The market for cell sorters has also declined while a majority of the installed cell sorters are being used as analyzers, and complete features of the system are never utilized.

Polymer-based dyes are being preferred as they are brighter than conventional dyes with equivalent background. For cells that have a few receptors on the surface, bright reagents are essential in resolving these dim cells from the others in a sample.

Point-of-care systems for HIV are gaining greater acceptance, with the introduction of near-patient CD4 monitoring systems that provide absolute and percentage results of CD4 T lymphocytes and hemoglobin concentration in whole-blood samples. This has allowed HIV/AIDS patients to have access to treatment and monitoring, reducing the probability of transmitting the infection to others and providing a plan for improved long-term care. There has also been a growing preference for multicolor analysis (with 8-13 parameters) in flow cytometry. These new flow cytometers provide efficient acquisition of excellent quality data from over 10 colors with advanced optical design for enhanced sensitivity for multicolor assays. Flow cytometers with a small footprint offer scalable configurations that allow for the future addition of more lasers and fluorescence detectors as the applications for complex multicolor flow cytometry have improved operability of the systems.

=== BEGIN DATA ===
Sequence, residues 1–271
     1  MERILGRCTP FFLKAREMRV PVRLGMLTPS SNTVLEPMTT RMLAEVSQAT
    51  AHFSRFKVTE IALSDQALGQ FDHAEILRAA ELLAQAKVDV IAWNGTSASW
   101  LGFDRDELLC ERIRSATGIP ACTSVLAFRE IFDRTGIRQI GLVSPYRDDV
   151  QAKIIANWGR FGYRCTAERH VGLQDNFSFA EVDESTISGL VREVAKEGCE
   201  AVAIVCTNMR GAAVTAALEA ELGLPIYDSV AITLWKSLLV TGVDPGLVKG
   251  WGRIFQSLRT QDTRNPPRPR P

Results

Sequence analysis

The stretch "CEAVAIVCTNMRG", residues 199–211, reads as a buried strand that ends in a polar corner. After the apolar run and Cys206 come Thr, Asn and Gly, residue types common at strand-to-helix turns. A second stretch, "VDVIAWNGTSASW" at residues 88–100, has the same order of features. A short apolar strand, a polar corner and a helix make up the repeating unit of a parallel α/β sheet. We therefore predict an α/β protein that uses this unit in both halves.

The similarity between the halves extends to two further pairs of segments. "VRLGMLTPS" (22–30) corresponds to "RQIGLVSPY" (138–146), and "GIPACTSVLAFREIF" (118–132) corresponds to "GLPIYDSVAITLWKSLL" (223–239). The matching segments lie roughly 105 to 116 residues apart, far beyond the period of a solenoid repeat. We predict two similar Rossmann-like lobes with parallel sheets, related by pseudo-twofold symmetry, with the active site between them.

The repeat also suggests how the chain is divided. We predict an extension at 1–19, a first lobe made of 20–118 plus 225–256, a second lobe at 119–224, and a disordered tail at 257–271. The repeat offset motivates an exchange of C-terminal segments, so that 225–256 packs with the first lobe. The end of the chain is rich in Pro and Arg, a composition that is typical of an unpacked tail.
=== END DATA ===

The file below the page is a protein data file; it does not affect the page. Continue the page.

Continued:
Way Forward

Although advances have been made in the separation technologies employed by flow cytometry, some of the foundational principles still remain in use, such as the use of electric fields to direct droplets containing cells of interest. The development of new technologies to increase the performance, robustness, resolution, and recovery rate in flow-cytometric devices has led to the creation and development of novel equipment. A major revolution in flow cytometry consists of new approaches, combining existing technologies with routine laboratory procedures, such as imaging. This makes possible the acquisition of images of cells in real time as they pass by the interrogation point.